Length Of Time In Possession : 18 months
What first struck me when I started reading Absolution was the identical nature of the basics of the story to Diane Setterfield's The Thirteenth Tale which I have just read. Successful elderly writer Clare Wald, summons young journalist Sam Leroux to her home with the intent of allowing him to be her biographer, and their conversations illuminate her back story. There the similarity ends because whilst The Thirteenth Tale is shrouded in a kind of Gothic old fashioned mystique, the mysteries of Absolution are of a starker, bleaker variety.
Set in modern day South Africa the events of the novel are placed against the backdrop of the fairly recent political upheavals of that nation, the findings of the Truth And Reconciliation Commission for example are referenced often. The novel is constructed in an odd way, and at times this made it difficult to read. Split into three sections it at times has sections from Clare's perspective and then Sam's interspersed with excerpts from Clare's final novel, a 'faction' named 'Absolution'.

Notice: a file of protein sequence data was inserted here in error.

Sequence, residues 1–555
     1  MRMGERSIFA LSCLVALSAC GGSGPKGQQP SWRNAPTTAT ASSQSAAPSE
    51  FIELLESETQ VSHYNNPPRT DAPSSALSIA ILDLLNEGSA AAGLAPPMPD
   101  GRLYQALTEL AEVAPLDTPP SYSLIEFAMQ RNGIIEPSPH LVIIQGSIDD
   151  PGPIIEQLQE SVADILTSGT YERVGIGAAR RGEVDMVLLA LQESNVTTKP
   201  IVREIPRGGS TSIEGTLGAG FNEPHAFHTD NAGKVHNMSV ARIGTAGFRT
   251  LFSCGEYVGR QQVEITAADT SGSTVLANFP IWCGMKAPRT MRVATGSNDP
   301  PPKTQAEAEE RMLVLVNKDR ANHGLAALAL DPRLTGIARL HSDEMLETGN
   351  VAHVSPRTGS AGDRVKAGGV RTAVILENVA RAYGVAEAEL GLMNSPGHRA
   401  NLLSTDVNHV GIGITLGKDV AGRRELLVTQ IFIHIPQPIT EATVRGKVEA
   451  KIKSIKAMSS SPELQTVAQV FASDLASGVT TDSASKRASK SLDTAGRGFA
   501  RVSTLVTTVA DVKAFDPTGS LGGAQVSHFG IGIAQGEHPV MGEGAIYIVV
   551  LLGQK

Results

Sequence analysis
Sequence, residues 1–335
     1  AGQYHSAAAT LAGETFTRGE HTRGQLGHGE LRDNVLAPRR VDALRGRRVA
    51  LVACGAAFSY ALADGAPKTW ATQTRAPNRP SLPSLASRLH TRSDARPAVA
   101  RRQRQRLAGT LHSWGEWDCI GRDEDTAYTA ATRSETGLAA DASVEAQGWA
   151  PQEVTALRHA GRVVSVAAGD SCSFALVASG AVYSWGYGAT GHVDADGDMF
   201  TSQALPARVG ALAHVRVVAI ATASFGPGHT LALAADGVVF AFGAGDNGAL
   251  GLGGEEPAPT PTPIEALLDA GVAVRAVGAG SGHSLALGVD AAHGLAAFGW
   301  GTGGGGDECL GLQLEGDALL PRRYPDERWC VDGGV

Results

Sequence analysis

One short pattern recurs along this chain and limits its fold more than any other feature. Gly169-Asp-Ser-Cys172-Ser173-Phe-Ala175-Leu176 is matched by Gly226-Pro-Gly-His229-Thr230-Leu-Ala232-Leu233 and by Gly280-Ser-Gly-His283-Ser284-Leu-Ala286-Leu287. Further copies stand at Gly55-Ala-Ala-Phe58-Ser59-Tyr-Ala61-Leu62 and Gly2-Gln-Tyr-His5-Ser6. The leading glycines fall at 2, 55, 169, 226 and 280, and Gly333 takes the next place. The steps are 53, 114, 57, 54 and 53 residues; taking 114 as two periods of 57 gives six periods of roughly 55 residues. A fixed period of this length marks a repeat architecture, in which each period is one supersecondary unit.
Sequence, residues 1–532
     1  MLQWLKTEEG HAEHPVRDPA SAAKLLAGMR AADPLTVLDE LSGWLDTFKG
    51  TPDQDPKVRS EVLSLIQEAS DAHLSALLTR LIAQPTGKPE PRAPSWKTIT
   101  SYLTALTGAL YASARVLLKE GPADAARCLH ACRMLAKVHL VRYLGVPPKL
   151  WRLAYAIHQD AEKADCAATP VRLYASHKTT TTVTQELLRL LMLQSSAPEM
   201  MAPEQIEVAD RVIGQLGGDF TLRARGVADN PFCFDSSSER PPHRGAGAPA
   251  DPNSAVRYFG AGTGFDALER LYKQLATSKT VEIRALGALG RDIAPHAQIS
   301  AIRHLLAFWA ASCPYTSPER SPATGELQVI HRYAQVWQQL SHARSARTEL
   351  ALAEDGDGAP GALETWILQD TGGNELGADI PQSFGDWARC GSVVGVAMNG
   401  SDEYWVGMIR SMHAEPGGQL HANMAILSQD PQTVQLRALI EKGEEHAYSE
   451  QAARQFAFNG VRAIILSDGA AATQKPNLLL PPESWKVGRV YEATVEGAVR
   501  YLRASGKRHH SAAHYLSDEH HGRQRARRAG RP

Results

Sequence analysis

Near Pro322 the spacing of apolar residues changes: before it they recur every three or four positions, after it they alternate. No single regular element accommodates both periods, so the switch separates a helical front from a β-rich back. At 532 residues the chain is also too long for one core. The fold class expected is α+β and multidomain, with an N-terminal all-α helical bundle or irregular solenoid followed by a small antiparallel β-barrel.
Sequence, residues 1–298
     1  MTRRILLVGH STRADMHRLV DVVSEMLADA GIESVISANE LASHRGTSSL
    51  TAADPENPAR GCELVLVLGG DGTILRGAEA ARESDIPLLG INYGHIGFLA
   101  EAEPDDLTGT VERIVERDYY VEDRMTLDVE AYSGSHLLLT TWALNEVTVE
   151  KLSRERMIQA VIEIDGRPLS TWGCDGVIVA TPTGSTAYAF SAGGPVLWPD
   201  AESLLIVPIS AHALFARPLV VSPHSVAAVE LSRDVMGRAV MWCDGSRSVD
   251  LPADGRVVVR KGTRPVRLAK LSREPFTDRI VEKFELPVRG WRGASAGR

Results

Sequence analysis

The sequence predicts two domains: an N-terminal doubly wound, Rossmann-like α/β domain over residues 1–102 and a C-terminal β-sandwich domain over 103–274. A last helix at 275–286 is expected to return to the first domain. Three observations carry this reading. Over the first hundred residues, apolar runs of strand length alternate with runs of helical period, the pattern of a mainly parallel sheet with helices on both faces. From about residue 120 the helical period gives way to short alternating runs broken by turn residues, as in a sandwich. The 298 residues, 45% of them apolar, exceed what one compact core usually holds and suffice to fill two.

Clare did not choose Sam for the task for no apparent reason Sam & Clare have a link, a link neither is able to discuss, and as Sam's narrative contradicts what Clare sets forth in 'Absolution' it becomes harder to know what really happened, and in some respects this is the point of 'Absolution' how, when in absence of the facts, we make up fictions in our minds of events we know to have happened but do not know the detail.
Another strand of Absolution revolves around guilt and responsibility, how responsible is a person when a remark they make sets forth a chain of events they didn't foresee culminating in disaster.
The problem with 'Absolution' as a novel and what makes it become hard work as a read is that these points about history and responsibility become laboured and the making of them ultimately occurs at the cost of the narrative : the plot becomes damaged and skewed by the authors apparent need to make them. A lengthy diatribe about censorship for example is just entirely out of step with the rest of the plot.
By far the most interesting aspect of 'Absolution' is the fate of Laura, a fate that is ultimately left hanging in mid air, with the onus on the reader to infer what they can.
All in all the novel is something of a mixed bag that does not entirely flow together very well despite containing excellent ideas.
Destination : ebook storage